Why can't tech secure online voting? Ars Technica reporter Timothy B. Lee reviews some of the issues that have bedeviled online voting platforms and explains why it's such a tough challenge.

A conventional voting system with paper ballots is remarkably good on this score. Ordinary voters have an intuitive understanding of the security properties of paper ballots and ballot boxes. Voters can see their ballots go into the ballot box. Anyone can observe an election and verify that nobody is opening the ballot box and tampering with its contents. Recounts can be monitored by representatives of rival candidates to make sure no funny business occurs.

Verifying the security of an online voting system is vastly more difficult. Partly that's because the system has many more moving parts. Voatz's system makes use of smartphones and mobile operating systems, servers and server software, cellular towers, encryption algorithms, a blockchain, and so forth. Most voters have only a vague idea of how some of these technologies work. Most citizens are not remotely qualified to judge whether that system is secure or not.


A few great long reads I came across this week:

One IT Guy’s Spreadsheet-Fueled Race to Restore Voting Rights (Wired)
This fall, thousands will show up to vote only to find out they’ve been purged. Lots of activists—and one Ohio man with lots of cats—are on a quest to fix that.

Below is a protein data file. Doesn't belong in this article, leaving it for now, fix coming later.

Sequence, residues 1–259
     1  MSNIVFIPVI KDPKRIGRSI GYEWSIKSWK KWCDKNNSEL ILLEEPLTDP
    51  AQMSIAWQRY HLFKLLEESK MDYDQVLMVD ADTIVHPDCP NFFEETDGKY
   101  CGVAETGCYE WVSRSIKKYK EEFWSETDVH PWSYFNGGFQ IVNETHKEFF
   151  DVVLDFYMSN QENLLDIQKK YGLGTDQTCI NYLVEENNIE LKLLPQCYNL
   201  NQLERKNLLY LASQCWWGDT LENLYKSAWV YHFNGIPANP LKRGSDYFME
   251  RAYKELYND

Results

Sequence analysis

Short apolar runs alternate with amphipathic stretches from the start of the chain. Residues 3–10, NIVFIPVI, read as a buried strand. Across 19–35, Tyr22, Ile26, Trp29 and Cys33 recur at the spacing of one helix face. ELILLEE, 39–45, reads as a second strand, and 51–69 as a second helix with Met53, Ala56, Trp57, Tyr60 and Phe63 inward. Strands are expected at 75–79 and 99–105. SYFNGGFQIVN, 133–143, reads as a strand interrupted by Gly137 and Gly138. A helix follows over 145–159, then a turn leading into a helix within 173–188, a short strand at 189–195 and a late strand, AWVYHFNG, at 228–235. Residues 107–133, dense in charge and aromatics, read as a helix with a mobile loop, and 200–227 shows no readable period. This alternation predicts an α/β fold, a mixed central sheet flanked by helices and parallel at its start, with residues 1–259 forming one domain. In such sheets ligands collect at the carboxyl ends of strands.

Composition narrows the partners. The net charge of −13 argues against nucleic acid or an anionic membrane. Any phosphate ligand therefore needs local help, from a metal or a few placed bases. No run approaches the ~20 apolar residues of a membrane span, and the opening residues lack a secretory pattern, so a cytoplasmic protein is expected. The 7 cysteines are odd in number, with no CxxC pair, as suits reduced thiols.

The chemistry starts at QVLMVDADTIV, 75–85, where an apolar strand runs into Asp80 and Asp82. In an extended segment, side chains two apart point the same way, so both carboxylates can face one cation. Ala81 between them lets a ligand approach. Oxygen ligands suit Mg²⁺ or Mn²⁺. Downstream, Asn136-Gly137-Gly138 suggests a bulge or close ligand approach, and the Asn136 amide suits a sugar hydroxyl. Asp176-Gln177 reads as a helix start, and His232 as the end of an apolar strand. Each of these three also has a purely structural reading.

Patti Smith Isn’t Worried About New York City’s Future (WSJ Magazine)
“I don’t know what will happen to our city. I don’t know what will happen anywhere. I’ll always love New York City.”

Respair: A Personal Tragedy Followed by Pandemic (Vanity Fair)
The acclaimed novelist lost her beloved husband—the father of her children—as COVID-19 swept across the country. She writes through their story, and her grief.

We Quit Our Jobs to Build a Cabin—Everything Went Wrong (Outside)
And it was awesome.


Book recommendations from Fortune’s 40 under 40 in tech By Rachel King

Match’s CEO explains how dating has changed during the COVID pandemic By Danielle Abril

Why American Express is trying technology that makes deepfake videos look real By Jonathan Vanian

T-Mobile expands promise to connect students for free amid COVID-19 By Aaron Pressman

A SPAC courts Airbnb By Lucinda Shen

Cloud gaming gets a lift from COVID-19 and 5G. Here’s how much By Jonathan Vanian

Mulan’s Disney+ release is reigniting a boycott movement By Naomi Xu Elegant

(Some of these stories require a subscription to access. Thank you for supporting our journalism.)


If you are among the millions of sports fans happy that professional basketball is back, I hope you didn't miss last night's game between the Celtics and Raptors that went down to the very end. As my colleague Michal Lev-Ram put it on Twitter, "I have newfound respect for .5 seconds." Here's the video clip. There will be plenty more NBA action over this long weekend, if that's your thing. See you back here on Tuesday.